George Floyd: Another victim of racism impacts streets worldwide

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The death of George Floyd has ignited the Black Lives Matter movement across the globe.

Emili Cruz Sosa, Yearbook Section Editor

“I was absolutely appalled when I saw the video of George Floyd’s murder and the subsequent actions that only led to the police officers involved being suspended,” said sophomore Emika Davis. “While I do support the protests, I definitely don’t think the amount of violence where innocent people are now being hurt should be condoned. Racism has been an issue in the U.S. for centuries and the fact that African Americans still don’t feel safe is horrible, and there absolutely has to be change.”

The recent murder of  George Floyd has affected people all over the nation. What started off as a black man who was killed by Minneapolis police officer, Derek Chauvin, has now turned into a “Black Lives Matter” movement. Big corporations such as Nike and Twitter have now joined this movement and are helping by spreading awareness. 

“The reaction to George Floyd’s death is unlike anything I’ve ever witnessed before on social media. I’m seeing a lot of my non-POC friends sharing petitions, articles and resources. I believe that it takes the majority, the people born into privilege, to use that power to stand up for those who have an unjust disadvantage solely because of the color of their skin,” said junior Sophie Peineke. “Above all though, these events have encouraged me to start a real dialogue with those who may not be heard. Going forward, I no longer want to come from a place of ignorance, but from a place of awareness.”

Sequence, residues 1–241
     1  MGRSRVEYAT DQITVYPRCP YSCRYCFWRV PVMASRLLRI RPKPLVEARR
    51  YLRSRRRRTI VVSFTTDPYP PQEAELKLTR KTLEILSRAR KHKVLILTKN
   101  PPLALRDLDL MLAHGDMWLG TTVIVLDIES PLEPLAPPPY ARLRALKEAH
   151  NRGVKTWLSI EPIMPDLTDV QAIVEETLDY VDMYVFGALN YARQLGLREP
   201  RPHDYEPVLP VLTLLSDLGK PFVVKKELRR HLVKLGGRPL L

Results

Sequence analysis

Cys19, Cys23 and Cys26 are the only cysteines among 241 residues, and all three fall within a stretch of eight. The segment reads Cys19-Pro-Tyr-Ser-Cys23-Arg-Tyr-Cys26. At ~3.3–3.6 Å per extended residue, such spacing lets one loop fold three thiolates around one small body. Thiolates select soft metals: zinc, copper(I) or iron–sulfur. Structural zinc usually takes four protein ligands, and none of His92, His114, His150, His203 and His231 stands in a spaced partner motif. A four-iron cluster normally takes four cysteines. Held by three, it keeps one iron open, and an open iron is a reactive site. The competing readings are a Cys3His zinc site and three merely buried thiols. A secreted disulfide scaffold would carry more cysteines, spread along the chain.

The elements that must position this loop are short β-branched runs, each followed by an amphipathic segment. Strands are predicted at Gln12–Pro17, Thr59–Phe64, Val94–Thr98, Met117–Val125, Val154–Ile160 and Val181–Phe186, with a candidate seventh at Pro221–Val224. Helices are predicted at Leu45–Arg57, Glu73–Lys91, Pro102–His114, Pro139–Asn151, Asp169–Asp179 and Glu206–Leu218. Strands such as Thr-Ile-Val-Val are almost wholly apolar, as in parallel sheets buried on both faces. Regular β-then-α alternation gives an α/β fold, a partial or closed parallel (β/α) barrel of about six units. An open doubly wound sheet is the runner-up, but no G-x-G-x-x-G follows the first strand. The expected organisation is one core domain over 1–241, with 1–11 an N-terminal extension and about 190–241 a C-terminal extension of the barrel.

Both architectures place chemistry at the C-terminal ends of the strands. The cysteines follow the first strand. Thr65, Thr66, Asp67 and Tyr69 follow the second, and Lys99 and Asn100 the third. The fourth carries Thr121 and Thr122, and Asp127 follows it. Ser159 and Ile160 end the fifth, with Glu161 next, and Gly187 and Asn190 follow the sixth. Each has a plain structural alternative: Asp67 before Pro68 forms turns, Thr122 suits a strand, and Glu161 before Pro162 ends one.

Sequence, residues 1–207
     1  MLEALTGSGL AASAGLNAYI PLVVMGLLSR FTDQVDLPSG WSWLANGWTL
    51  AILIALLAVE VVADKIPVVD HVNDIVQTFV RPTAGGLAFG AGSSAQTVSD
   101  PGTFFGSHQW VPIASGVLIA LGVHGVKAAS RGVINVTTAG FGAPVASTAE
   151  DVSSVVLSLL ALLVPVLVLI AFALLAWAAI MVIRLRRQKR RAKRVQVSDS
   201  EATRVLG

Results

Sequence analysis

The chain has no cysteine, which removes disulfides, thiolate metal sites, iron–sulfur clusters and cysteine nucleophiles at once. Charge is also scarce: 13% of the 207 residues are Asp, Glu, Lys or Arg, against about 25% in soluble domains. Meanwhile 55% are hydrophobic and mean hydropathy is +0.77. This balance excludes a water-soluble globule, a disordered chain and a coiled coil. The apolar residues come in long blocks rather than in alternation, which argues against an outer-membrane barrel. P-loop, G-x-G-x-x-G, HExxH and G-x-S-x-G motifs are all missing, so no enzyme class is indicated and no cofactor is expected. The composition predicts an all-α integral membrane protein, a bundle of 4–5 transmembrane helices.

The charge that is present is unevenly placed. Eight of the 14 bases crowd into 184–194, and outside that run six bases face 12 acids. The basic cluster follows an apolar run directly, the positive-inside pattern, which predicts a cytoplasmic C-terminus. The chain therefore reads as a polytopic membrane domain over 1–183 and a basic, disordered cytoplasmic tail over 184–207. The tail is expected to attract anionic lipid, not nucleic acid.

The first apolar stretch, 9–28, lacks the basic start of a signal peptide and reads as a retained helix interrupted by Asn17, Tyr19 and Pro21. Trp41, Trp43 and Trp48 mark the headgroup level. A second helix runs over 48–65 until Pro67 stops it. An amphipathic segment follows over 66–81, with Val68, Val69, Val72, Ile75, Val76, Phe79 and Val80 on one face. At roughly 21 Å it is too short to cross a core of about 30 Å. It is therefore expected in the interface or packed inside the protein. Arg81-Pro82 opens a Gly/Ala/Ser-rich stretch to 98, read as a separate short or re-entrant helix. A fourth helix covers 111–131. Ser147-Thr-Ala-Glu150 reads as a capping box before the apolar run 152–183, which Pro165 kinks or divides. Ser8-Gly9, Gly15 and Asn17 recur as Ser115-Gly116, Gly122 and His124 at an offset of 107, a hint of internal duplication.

African Americans have suffered a lot of racism throughout the years. According to a study conducted at Rutgers University’s School of Criminal Justice, African Americans are 2.5 times more likely to get killed by police than white people. Usually, white people are more likely to be armed while getting arrested than black people. 

“I find it really sad that history keeps repeating itself. George Floyd is just one example of the black community being targeted just for their skin color, something they can’t even control,” said sophomore Anisa Alam. “I’m sad I can’t protest because I’m a minor, but it makes me happy to see all these people coming together and being united by BLM.”

Chauvin, who is responsible for killing Floyd, was arrested and has been charged with third-degree murder and manslaughter. This is not the first time Chauvin has had a complaint against him.

Despite Chauvin being convicted, people are not satisfied and have started to take matters into their own hands. Throughout Los Angeles, Las Vegas and Phoenix, there have been violent protests with thousands of citizens holding signs saying “ He said I can’t breathe. Justice for George.”

Sophomore Roan Thibault from Crescenta Valley High School believes that police officers, like the ones who killed Floyd, should be held accountable for their actions. “I rarely feel unsafe in the presence of a police officer. This is a sentence that many African-Americans are unable to say. With this recent situation, it is clear that criminal justice policies here in the U.S. are woefully out of date,” said Thibault. “The onus should not only be on African-Americans to speak up. White people like myself must recognize our privilege — the ability to say that first sentence — and use it in a positive way to build a more equitable society for everyone.”